Tuesday, November 22, 2016

An abuse of suppression

The Herald reports that National MP Chester Borrows is to stand trial for allegedly running over a protestor's foot. Which seems fair enough - people in cars have a duty to be careful using them, and it seems like there's at least a case to answer. But what's really surprising is this:

Borrows, who is also Parliament's deputy Speaker, had pleaded not guilty.

He appeared in the Whanganui District Court last month when the judge, on his own motion, suppressed all evidence and argument in relation to the charge.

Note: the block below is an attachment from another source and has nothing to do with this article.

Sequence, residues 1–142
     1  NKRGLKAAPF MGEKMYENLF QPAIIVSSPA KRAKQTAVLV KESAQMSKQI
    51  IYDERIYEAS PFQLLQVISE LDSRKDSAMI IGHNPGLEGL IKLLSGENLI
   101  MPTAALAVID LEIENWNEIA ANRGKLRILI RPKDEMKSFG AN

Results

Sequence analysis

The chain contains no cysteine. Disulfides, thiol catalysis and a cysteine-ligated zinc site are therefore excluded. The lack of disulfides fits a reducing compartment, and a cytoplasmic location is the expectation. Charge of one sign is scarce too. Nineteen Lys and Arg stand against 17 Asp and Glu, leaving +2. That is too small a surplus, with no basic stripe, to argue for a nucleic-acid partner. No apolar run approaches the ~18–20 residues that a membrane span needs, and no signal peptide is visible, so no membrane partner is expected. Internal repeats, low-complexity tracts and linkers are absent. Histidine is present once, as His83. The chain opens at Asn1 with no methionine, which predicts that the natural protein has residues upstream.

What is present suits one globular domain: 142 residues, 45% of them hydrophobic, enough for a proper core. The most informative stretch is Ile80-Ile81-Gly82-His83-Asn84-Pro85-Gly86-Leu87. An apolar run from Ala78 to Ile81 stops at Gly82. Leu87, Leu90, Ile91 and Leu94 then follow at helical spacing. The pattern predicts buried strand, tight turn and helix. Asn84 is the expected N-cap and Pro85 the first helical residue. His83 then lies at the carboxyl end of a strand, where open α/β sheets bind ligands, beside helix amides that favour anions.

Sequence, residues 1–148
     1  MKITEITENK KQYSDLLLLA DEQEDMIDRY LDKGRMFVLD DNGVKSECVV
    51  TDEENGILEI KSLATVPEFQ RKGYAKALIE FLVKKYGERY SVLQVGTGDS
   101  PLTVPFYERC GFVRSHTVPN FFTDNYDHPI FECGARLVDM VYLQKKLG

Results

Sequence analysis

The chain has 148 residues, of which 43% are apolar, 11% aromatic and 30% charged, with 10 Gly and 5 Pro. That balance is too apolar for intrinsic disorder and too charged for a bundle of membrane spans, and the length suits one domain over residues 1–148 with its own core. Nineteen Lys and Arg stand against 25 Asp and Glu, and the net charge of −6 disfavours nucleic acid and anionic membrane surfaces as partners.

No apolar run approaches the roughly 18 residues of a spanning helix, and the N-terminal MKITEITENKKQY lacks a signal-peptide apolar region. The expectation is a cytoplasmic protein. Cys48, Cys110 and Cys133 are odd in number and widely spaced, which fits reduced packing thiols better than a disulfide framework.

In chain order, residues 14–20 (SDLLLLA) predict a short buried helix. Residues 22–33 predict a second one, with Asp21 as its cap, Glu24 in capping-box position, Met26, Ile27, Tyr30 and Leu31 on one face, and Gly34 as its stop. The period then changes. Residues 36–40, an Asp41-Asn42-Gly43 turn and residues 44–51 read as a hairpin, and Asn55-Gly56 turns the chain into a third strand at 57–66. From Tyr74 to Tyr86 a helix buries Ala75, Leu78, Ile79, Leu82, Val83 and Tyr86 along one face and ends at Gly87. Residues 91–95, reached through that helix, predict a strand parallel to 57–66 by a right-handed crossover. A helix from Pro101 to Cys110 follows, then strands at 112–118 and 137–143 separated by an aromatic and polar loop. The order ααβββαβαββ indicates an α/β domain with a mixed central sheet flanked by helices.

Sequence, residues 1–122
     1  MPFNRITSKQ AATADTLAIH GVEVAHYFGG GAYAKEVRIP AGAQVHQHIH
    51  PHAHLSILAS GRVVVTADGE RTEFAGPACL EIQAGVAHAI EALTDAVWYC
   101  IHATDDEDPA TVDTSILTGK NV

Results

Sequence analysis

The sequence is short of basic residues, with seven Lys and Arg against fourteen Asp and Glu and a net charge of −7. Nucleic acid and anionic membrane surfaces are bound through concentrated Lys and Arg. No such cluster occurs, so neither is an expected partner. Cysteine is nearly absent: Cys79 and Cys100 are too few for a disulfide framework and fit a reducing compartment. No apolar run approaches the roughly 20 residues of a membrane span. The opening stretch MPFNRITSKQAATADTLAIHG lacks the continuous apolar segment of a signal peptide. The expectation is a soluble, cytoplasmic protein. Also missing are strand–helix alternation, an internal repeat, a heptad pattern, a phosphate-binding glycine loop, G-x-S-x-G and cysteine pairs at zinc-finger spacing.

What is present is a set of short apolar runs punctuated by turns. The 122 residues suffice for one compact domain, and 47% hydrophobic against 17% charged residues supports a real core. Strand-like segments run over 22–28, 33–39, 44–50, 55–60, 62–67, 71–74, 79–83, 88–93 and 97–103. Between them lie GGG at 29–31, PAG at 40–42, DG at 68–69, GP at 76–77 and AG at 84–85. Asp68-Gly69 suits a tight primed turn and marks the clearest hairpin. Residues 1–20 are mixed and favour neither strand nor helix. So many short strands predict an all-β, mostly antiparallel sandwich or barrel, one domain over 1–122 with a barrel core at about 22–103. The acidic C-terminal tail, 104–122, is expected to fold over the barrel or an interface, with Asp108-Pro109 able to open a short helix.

Which invites the obvious question: what's the reason for this? Borrows isn't a minor, there's no significant privacy interest, the events have been widely reported on. Instead, it simply looks like the judge is trying to spare someone powerful, a former Minister for the Courts, from additional public embarrassment. But that's not what the court's suppression powers are for, and their abuse in this fashion undermines the social licence for suppression throughout the entire justice system.